Countdown to Election 2020

It has been two months since my last article on anticipating the 2020 elections based on voting trends—not polls.

I take little stock in polls since they were largely wrong in 2016, and many are politically motivated. Polls are done by conservative and liberal groups—the only thing that they have in common is portraying close elections in order to motivate their base and to sell more polling results.

So…will we see a red wave or blue wave on November 3? Nobody knows for sure, but the election will confirm how large (or small) Trump’s base is after his four years in office. It will also be a means to assess the impact of organizations like Black  Lives Matter and March For Our Lives.

High voter turnouts in 2020—and in 2018

As of October 25, some 60 million U.S. citizens have already voted—an unprecedented number! High turnout historically favors Democratic Party candidates. For example, 2018 saw one of the highest turnouts on record for midterm elections (see graph below), and Democrats gained 41 seats in the House of Representatives.

 

 

 

 

 

 

 

 

A third of the Senate (33 seats) was up for reelection, and even though Republicans got less than 40% of the vote, they gained 2 Senate seats. The Senate race in Florida between Republican Rick Scott and Democrat Bill Nelson was especially close and caused much controversy. Scott’s attacks and lawsuits on the recount process in 2018 will likely be a model for the Trump campaign if the 2020 election is close in Florida.

New Map Shows Change from August 2020 Map

Based on high turnout numbers and past voting trends, the following states changed to favoring Democrats (light blue) on the map.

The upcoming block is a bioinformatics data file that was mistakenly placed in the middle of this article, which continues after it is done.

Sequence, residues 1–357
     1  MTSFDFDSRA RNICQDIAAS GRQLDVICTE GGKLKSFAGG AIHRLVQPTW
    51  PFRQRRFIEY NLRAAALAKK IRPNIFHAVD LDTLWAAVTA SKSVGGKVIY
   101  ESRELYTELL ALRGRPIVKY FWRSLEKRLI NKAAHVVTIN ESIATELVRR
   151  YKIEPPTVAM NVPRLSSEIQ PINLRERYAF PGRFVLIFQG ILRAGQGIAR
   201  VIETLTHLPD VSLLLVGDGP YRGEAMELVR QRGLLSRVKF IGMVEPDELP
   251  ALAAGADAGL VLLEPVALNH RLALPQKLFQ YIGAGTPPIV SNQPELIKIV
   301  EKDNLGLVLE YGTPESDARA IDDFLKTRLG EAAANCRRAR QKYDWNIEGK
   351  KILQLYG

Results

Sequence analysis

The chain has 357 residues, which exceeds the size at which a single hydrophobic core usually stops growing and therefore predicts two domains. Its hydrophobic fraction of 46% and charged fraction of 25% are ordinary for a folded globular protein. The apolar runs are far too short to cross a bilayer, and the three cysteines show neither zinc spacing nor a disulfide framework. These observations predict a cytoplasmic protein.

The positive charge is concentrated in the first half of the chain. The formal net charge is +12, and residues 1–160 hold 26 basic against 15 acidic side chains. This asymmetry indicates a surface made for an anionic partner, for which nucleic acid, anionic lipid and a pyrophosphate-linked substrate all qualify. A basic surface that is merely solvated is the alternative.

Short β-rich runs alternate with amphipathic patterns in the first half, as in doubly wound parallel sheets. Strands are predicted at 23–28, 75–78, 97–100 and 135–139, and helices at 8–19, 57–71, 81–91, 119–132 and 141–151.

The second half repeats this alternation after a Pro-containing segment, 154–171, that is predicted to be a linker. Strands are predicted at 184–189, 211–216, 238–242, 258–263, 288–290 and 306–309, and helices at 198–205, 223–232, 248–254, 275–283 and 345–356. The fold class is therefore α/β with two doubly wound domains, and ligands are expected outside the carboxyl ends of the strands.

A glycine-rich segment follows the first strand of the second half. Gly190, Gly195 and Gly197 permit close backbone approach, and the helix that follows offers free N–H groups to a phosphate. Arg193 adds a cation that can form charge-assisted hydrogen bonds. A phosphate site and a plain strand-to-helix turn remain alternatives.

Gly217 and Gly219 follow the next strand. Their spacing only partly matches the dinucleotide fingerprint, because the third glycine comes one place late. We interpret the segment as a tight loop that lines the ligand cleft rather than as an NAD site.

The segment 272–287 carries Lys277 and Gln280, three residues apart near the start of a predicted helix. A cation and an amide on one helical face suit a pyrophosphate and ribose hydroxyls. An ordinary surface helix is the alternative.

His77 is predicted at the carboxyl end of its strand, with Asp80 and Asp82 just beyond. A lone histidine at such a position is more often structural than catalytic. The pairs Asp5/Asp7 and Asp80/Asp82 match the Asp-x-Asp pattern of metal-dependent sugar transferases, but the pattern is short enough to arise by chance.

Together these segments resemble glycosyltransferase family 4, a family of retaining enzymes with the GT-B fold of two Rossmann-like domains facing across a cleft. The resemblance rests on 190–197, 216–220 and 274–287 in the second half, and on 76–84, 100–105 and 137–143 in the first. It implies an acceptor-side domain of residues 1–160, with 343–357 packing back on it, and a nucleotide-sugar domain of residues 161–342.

Electoral Forecast as of October 25, 2020

A r i z o n a. Democrats flipped a Republican U.S. House and Senate seat in 2018. Trump won the state in 2016 with 48% of the vote. Democrats have not won this state’s electoral votes since 1996, but recent voting and demographic trends indicate changes helpful to Democrats. Fundraising favors Democrats as of October 2020—especially for Arizona’s Senate seat.

I o w a. As a former Iowan, I noted that the state is trending favorably to Democrats. Trump won 51% of Iowa’s vote in 2016, after the state went to Obama in 2008 (by 54%) and 2012 (by 52%). Prior to the 2018 elections, Iowa had one Democratic representative in the U.S. House and three Republican ones. The 2018 election gave Democrats three seats to just one for Republicans—largely due to Trump’s trade policies that hurt farmers. Indicators point to a defeat for incumbent Republican Senator Joni Ernst in 2020.

F l o r i d a. Democrats flipped two Republican House seats in the 2018 election and have a slight edge in voter registrations for 2020. Trump got 49% of the vote in 2016, after Obama won it with 51% of the vote in 2008 and 50% of the vote in 2012. It will be close (as always), but Biden should get a narrow victory.

N o r t h   C a r o l i n a. Democrat Roy Cooper won an upset victory over incumbent Republican Governor Pat McCrory in 2016. Governor Cooper is popular, especially for his Covid-19 response, and is running for reelection in 2020. Trump won the state in 2016 with 49.8% of the vote, after Obama narrowly won it in 2008 but lost it in 2012. In 2018 Democrats gained six seats in the North Carolina State Senate and nine seats in the state’s House of Representatives. Statewide Democrats received more votes than Republicans in 2018 but gerrymandering limited Democratic gains. Trends look favorable for a Democratic win in 2020.

Summary

Voting trends point to a blue wave on November 3, Election Day. It should be evident after the polls close on Election Day that eastern states, such as Pennsylvania, North Carolina, Florida, and Georgia, are stopping—or stifling—any imagined red wave.

One state to watch as the returns come in is Kentucky. It has a pivotal Senate race and is usually the first Republican state to report its election results. If election results are delayed in Kentucky due to tight races, then it could be a long, disappointing night for Republicans.

 

The Night Before Election 2016